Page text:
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Converse v. VIZIO, Inc.

United States District Court, W.D. Washington, Tacoma

July 23, 2019

AMY CONVERSE, Plaintiff,
v.
VIZIO, INC., Defendant.

          ORDER GRANTING PLAINTIFF'S MOTIONS TO COMPEL

          BENJAMIN H. SETTLE UNITED STATES DISTRICT JUDGE

         This matter comes before the Court on Plaintiff Amy Converse's (“Plaintiff”) motion to compel documents reviewed by Defendant's Rule 30(b)(6) designees, Dkt. 71, and motion to compel answer to Interrogatory No. 4 (putative class member contact information), Dkt. 73. The Court has considered the pleadings filed in support of and in opposition to the motions and the remainder of the file and hereby grants the motion for the reasons stated herein.

         I. PROCEDURAL AND FACTUAL HISTORY

         On December 12, 2018, Plaintiff filed a third amended class action complaint against Defendant Vizio, Inc. (“Vizio”) asserting numerous causes of action based on the underlying allegations that Vizio falsely advertised and marketed its smart televisions (“Smart TVs”). Dkt. 54.

         Relevant to the instant motions, Plaintiff propounded discovery on Vizio and deposed four 30(b)(6) witnesses. First, Plaintiff propounded an interrogatory on Vizio requesting “all email addresses you have access to that are related to consumers who purchased affected Smart TVs from you from 2009 to present.” Dkt. 74 at 8. Plaintiff contends that despite numerous meet and confers regarding this request, Vizio has failed to respond.

         Second, Plaintiff deposed four corporate representatives in late April and early May of 2019. Plaintiff contends that during the depositions counsel for Vizio instructed the deponents not to identify what documents each had reviewed in preparation for the deposition.

         On June 6, 2019, Plaintiff filed motions to compel a response to her interrogatory and the documents reviewed by Vizio's witnesses. Dkts. 71, 73. On June 17, 2019, Vizio responded. Dkts. 80, 82. On June 21, 2019, Plaintiff replied. Dkts. 84, 85.

         II. DISCUSSION

         The parties do not dispute that if the requested information is relevant then it must be produced. See Fed. R. Civ. P. 26, 37.

         Regarding the class list, Vizio has made the information relevant. Although Vizio advances a persuasive argument that after Plaintiff filed her motion for class certification there is no need for a putative class list, Vizio's response to Plaintiff's motion to certify attacks the typicality of the class as well as whether individual issues predominate over class-wide issues. See Dkt. 98 at 17 (“Plaintiff's putative class fails to satisfy Rule 23(b)(3)'s predominance or superiority requirements, and Plaintiff fails Rule 23(a)'s typicality requirement.”). Plaintiff correctly predicted that Vizio would make these arguments, Dkt. 73 at 7, and requests putative class members' contact information to gather actual evidence to respond. In light of Vizio's response and Plaintiff's showing that the requested information is relevant, the Court grants Plaintiff's motion on this issue. The Court, however, cautions Plaintiff that it is improper to submit new evidence with a reply without allowing the opposing party an opportunity to respond to that evidence. See, e.g., Provenz v. Miller, 102 F.3d 1478, 1483 (9th Cir. 1996) (“the district court should not consider the new evidence without giving the [non-]movant an opportunity to respond.”)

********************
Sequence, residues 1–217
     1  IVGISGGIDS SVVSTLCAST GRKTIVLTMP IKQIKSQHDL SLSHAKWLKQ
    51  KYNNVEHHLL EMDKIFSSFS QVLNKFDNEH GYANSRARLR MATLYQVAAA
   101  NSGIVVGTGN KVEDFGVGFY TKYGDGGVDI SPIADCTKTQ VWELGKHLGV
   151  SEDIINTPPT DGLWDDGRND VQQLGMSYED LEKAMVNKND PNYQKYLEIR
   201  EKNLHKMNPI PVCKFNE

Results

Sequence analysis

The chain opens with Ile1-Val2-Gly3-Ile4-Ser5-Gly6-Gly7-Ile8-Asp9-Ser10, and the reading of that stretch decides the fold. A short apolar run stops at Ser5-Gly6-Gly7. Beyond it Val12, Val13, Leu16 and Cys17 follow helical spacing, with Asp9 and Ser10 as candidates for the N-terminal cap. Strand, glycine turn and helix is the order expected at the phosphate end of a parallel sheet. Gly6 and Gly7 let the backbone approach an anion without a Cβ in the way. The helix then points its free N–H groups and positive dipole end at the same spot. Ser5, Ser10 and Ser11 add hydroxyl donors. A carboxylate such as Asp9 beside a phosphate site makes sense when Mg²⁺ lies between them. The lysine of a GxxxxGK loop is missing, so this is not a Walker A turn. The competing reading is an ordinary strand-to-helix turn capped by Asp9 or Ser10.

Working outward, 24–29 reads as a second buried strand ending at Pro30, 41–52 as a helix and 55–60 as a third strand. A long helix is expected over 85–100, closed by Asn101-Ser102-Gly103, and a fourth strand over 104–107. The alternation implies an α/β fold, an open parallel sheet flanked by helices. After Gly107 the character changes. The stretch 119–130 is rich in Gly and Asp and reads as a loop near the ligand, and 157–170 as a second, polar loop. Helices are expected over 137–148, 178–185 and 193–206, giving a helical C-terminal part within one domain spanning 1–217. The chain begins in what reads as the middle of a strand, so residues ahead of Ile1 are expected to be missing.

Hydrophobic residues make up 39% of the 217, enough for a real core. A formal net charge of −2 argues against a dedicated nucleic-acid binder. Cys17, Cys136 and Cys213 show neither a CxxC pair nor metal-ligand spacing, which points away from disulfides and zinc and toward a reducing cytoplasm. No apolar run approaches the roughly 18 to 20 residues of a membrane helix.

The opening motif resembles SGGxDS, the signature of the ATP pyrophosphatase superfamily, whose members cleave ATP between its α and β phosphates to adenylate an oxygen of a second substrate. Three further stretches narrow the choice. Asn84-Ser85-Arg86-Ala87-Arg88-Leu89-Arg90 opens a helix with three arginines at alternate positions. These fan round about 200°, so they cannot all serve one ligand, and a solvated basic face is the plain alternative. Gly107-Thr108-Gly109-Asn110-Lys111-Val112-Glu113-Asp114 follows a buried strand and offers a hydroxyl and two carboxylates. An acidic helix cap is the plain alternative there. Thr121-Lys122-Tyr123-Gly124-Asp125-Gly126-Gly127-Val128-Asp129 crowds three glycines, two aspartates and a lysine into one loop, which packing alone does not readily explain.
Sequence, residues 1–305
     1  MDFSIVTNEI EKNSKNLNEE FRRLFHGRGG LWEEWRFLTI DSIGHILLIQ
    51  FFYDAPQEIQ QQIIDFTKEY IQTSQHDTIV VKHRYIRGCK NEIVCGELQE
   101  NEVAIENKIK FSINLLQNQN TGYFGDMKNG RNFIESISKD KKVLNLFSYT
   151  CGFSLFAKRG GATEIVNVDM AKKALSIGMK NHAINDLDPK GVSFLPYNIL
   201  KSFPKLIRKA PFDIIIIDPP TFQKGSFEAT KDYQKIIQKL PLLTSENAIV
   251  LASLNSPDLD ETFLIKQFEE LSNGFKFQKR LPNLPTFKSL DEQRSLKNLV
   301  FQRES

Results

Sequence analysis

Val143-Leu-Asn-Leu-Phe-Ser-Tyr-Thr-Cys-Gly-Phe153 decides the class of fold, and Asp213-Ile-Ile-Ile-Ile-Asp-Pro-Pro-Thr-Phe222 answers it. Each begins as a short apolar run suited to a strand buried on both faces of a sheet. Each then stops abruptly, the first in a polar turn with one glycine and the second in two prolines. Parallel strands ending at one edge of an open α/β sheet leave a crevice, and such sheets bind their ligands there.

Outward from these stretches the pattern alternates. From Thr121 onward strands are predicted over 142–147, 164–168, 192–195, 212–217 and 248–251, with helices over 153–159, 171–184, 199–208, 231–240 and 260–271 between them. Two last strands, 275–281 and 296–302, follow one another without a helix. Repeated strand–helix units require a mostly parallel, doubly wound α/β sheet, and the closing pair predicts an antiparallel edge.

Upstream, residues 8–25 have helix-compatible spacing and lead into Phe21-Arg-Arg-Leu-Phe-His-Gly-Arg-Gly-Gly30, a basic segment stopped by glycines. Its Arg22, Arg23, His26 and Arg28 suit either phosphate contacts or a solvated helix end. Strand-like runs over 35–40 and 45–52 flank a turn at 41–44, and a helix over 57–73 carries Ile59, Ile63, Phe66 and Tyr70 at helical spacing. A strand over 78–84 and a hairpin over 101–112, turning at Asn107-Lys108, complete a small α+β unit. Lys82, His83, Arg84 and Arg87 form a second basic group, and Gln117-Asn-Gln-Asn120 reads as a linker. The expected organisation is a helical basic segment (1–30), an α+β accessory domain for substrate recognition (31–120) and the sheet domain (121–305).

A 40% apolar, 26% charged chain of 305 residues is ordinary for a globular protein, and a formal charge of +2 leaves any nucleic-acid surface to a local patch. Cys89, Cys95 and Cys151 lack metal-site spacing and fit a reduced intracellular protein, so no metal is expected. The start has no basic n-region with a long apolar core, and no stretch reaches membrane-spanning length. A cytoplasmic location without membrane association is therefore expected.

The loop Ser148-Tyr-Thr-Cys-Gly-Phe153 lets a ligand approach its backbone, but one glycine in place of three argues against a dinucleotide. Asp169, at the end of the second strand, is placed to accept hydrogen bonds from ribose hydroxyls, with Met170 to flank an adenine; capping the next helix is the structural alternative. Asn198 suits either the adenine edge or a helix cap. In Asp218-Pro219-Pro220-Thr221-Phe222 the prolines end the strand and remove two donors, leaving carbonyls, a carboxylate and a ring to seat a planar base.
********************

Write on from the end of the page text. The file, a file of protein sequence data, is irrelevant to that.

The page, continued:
Regarding the 30(b)(6) documents, Vizio argues that the documents are privileged and that Plaintiff failed to lay the proper foundation. The latter argument is without merit because discovery is still ongoing and, even if Plaintiff failed to lay an extensive foundation for the requested material, that error could easily be cured with a subsequent discovery request. Besides, Vizio's counsel directed the witnesses not to answer Plaintiff's counsel's questions, which hampered Plaintiff's counsel's ability to lay that alleged foundation. As to the issue of privilege, the process for producing privileged material is not to simply claim the privilege in a response to a motion to compel. Instead, a privilege log is necessary for those documents that Vizio claims are privileged. The Court finds it highly unlikely that every document each corporate representative reviewed in preparation for his or her deposition is privileged because, in order for a 30(b)(6) witness to properly prepare for a deposition, he or she most likely reviews documents produced in the regular course of business. As to these documents, Vizio should produce them if they exist. After the production of a log and possibly other documents, the parties shall meet and confer regarding the possibility of successive depositions. The Court is optimistic that another motion on this issue is not necessary and reserves ruling on sanctions should further disputes arise.

         III. ORDER

         Therefore, it is hereby ORDERED that Plaintiff's motion to compel documents reviewed by Defendant's Rule 30(b)(6) designees, Dkt. 71, and motion to compel answer to Interrogatory No. 4 ...


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